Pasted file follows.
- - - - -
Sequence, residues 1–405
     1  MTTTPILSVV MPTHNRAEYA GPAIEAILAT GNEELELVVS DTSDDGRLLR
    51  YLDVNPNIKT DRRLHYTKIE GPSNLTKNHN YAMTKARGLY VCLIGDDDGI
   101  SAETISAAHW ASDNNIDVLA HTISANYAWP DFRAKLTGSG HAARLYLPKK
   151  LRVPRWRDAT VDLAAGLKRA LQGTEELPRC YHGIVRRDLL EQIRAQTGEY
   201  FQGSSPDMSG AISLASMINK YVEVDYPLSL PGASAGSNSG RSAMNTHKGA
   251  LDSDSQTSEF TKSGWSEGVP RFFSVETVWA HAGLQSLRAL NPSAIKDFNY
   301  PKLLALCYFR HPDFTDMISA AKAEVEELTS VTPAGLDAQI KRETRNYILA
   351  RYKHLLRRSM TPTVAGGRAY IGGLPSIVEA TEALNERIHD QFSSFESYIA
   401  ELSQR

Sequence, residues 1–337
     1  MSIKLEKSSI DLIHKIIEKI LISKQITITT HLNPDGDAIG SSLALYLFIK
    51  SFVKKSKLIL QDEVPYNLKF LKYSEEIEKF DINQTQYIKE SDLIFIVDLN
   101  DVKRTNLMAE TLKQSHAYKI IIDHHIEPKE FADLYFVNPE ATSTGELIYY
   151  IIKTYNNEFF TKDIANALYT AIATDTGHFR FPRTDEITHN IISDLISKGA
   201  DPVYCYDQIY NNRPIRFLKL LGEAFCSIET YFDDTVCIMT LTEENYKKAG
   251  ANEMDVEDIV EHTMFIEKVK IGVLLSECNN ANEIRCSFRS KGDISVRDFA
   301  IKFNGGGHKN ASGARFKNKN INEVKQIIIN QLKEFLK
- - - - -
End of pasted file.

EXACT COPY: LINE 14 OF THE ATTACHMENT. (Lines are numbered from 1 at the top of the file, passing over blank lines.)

   101  DVKRTNLMAE TLKQSHAYKI IIDHHIEPKE FADLYFVNPE ATSTGELIYY